# Simulations and Volatility problem

#### JosephK

##### New Member
Hi all

I have an interesting statistical problem that I am trying to wrap my head around. I'll explain by way of any example:

Let say I have group of 3 people currently receiving annuity payments, for one year only (to simply) as follows:

Age Annuity Probability of survival Expected payment
67 $1000 0.9 900 72$800 0.8 640
74 $1200 0.75 900 (E[payment] = prob survival * annuity amount) So the total expected payment is 900 + 640 + 900 = 2 440 Ok, so now I generate a few thousand mote-carlo simulations. In some simulations, people will die and the total amount will be less than 2 440. In other simulations no one will die and the total payment will be 3 000. I am not interested in cases where the payments are below expected, only where above. There will be a lot of volatility here since there are only 3 people. (It takes only 1 person dying to ensure the actual payment is below expected) (bear with me, I'm getting to what I want to ask) So, lets say I added an additional 100 people to the group. This will reduces the volatility significantly, meaning the relative cost of total payments exceeding the expected amount will come done, and it will keep coming down until we have infinitely many people in the group, at which time the volatility should be zero. So firstly, more people = lower volatility Now, lets also look at the spread of annuity payments. If you start with one person who earns$1000 and you add another person who also earns $1000 the volatility drops a lot. If however, you were to add someone who earns$1 instead the volatility drops very little even though you've doubled the number of lives.

So volatility cost = some function of annuity size and number of people. (it will also depend on the survival probability, but I don't think that needs to be allowed for here)

What I am looking to achieve here is to determine aged-based factors for the cost of the volatility. To be more specific, in stead for taking an actual group of annuitants and running monte-carlo simulations on them to determine the cost, what I want to do is to pre-generate the volatility cost that would be added by a adding a specific life, with a specific probability of dying to a group of a certain size with a certain spread of annuity amounts. The sum of these individual volatility costs would give the total volatility cost.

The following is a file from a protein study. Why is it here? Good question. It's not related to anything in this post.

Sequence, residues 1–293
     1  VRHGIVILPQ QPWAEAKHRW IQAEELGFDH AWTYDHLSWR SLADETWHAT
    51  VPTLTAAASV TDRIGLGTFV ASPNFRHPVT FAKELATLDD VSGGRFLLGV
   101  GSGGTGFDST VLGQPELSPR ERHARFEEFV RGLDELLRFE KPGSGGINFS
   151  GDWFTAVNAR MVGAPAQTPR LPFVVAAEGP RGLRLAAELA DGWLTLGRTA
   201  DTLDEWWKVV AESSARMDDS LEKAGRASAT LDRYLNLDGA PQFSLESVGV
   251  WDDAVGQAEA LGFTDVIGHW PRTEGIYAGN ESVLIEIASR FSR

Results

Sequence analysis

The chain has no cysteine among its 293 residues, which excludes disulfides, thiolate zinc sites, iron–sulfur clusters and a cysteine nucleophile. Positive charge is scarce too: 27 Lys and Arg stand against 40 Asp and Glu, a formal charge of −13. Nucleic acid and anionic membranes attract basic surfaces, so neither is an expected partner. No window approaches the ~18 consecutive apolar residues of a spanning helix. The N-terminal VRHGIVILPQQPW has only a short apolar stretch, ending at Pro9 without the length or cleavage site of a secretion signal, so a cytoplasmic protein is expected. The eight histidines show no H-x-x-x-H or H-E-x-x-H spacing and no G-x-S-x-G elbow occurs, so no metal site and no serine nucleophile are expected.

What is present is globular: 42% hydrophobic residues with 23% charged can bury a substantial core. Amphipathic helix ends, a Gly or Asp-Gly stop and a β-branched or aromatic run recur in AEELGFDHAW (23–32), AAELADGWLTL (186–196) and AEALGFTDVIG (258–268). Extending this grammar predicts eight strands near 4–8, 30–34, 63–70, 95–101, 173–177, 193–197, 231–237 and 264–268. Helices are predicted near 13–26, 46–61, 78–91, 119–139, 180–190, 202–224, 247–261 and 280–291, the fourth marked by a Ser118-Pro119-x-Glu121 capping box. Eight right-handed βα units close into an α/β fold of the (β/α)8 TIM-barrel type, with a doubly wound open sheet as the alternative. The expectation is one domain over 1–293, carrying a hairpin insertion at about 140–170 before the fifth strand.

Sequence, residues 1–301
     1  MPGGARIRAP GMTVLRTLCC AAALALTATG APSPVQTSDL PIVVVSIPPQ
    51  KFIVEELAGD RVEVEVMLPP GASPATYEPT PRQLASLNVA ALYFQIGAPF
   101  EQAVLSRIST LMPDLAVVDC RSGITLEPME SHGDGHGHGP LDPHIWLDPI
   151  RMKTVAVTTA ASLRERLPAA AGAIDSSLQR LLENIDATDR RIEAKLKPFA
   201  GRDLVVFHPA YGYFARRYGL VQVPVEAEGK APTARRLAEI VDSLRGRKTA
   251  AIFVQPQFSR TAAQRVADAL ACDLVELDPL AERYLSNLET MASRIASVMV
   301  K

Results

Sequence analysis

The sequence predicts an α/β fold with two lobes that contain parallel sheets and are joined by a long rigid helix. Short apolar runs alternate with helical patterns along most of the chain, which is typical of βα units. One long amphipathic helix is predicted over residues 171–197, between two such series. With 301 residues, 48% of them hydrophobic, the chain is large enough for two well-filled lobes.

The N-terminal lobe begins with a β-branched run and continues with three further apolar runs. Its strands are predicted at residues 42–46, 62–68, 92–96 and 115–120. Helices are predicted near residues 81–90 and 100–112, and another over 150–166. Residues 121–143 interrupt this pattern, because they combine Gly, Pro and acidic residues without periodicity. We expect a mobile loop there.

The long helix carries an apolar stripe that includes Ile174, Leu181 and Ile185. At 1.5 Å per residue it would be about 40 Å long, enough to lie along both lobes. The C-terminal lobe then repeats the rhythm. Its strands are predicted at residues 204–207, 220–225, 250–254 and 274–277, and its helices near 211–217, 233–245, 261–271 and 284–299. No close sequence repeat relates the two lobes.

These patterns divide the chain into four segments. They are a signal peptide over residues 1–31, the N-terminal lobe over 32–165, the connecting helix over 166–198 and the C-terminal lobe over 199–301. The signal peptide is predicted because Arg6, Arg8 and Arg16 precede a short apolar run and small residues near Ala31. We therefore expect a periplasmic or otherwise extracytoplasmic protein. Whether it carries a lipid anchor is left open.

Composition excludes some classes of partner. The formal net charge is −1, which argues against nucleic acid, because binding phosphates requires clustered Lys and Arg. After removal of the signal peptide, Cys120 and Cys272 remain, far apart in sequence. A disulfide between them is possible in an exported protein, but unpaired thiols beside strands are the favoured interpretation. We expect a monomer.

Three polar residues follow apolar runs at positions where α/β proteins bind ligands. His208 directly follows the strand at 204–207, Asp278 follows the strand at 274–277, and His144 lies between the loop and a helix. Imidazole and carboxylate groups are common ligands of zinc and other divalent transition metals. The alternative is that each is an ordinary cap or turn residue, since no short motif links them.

I've attached a spreadsheet showing the volatility cost for different group sizes as generated assuming that the spread of of annuity payments is uniform.

How do I deal with the effect of variably distributed annuity payments?

Thanks

#### Link

##### Ninja say what!?!
What I am looking to achieve here is to determine aged-based factors for the cost of the volatility. To be more specific, in stead for taking an actual group of annuitants and running monte-carlo simulations on them to determine the cost, what I want to do is to pre-generate the volatility cost that would be added by a adding a specific life, with a specific probability of dying to a group of a certain size with a certain spread of annuity amounts. The sum of these individual volatility costs would give the total volatility cost.
What you're doing sounds interesting to me. Would you mind elaborating more on what you're trying to do? I might be able to help.

#### JosephK

##### New Member
More detail

Hi Link

Sorry for the delayed response.

To give you a bit more background:

My company insures the "volatility cost" (i.e. the cost of fewer people dying than expected) under a portfolio of annuitants. Typically, we would take this portfolio, run simulations and determine a cost. This is all good and well if you only need to do it once. The problem though is that the portfolios are not closed, and the annuity amounts increase over time (we don't know in advance at what rate). To avoid having to rerun the simulations every time an additional annuitant joins the portfolio, I want to generate factors for:

1. The additional expected payments (in other words the threshold above which the volatility cost kicks in). This part is easy
2. The additional volatility cost added by the life, which will be dependent on age (i.e. survival probability) and annuity size, as well as the existing size of the portfolio and its spread of annuity sizes.